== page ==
Notre Dame’s Defense – Regardless of the Irish’s issues in the secondary, their front seven is unquestionably one of the best in the nation. They’ve registered 14 sacks (9th), are only allowing 112.5 rush yards per game (29th), and the defense as a wh0le has only allowed 9 points per game (3rd). Linebacker Manti Te’o has even logged two interceptions this year, the first two of his college career. These guys are going to have to get after Morris and rattle him to prevent him from carving up the young and inexperienced secondary.
My 5 Predictions
Everyone will hate the new uniforms – At the risk of sounding like a traditionalist, let’s be honest. The new uniforms – particularly the helmets – are hideous. Some will like the fact that Notre Dame is at least making an attempt switching things up a bit, but this is the wrong way. Unfortunately, we will have to endure such changes for each game in the Shamrock Series, but we can hope that future alternate unis don’t suck nearly as bad as these do.
Stephen Morris will throw for 300+ – This isn’t so much an endorsement of Morris’ talents, or an indictment on the Irish corners and safeties as it is playing the odds. To win this game, the Hurricanes will have to attack Notre Dame at its weakest spot, and that is the secondary. This game will likely be closer than many in the media feel (more on that a little further down), but I still see Miami playing from behind in the second half, or at the very least the fourth quarter, which means they will need to throw the ball.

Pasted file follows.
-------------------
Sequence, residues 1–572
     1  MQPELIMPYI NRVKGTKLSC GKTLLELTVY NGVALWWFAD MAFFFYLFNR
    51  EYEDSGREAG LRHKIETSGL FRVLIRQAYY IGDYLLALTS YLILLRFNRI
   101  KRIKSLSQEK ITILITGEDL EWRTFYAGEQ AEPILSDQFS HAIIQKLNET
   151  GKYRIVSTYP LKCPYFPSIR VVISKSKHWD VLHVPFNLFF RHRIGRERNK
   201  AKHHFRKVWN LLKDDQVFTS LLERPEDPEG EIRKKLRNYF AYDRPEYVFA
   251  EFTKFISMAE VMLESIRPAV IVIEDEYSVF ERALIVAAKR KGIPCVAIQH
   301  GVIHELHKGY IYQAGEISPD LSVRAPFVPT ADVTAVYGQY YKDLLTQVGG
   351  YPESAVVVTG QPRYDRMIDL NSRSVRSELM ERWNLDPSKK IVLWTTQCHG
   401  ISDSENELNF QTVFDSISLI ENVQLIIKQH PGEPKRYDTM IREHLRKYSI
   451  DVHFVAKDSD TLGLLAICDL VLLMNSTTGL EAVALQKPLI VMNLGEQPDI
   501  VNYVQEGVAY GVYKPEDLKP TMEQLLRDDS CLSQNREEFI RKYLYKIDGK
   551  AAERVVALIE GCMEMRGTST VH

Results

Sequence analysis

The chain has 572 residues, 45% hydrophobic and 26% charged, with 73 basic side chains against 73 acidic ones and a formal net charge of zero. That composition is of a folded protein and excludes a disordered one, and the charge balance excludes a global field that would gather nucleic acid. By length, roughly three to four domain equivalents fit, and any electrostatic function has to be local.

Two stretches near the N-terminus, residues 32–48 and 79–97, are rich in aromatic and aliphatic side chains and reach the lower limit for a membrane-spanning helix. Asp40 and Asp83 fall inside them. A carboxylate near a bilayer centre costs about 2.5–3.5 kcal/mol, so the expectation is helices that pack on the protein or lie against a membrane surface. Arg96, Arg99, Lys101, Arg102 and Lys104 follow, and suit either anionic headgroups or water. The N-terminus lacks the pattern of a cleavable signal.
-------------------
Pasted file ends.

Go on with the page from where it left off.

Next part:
Rees will close the game for ND – It’s happened a few times already this season, so this really isn’t a bold prediction, but Golson will be pulled at some point, and Rees will likely bat clean up for the Irish. Especially if things get tight in the 4th.
Cierre Wood will play a larger role – The Hurricanes are giving up an ungodly 225.6 rushing yards per game to their opponents. That includes a 233 yard effort by the Bethune-Cookman Wildcats. I expect Wood, Riddick, and Atkinson to all carry the ball at certain points in the game, but the Irish need their playmaking running back to get more than 8-9 carries on Saturday. It wouldn’t surprise me to see Wood go for 130 yards and score 2 TDs.
Final Score- This is gonna be a better game than a lot of people give it credit for. Miami will keep it close, and may even take the lead early on. However, the Irish pull out the victory, 28-21.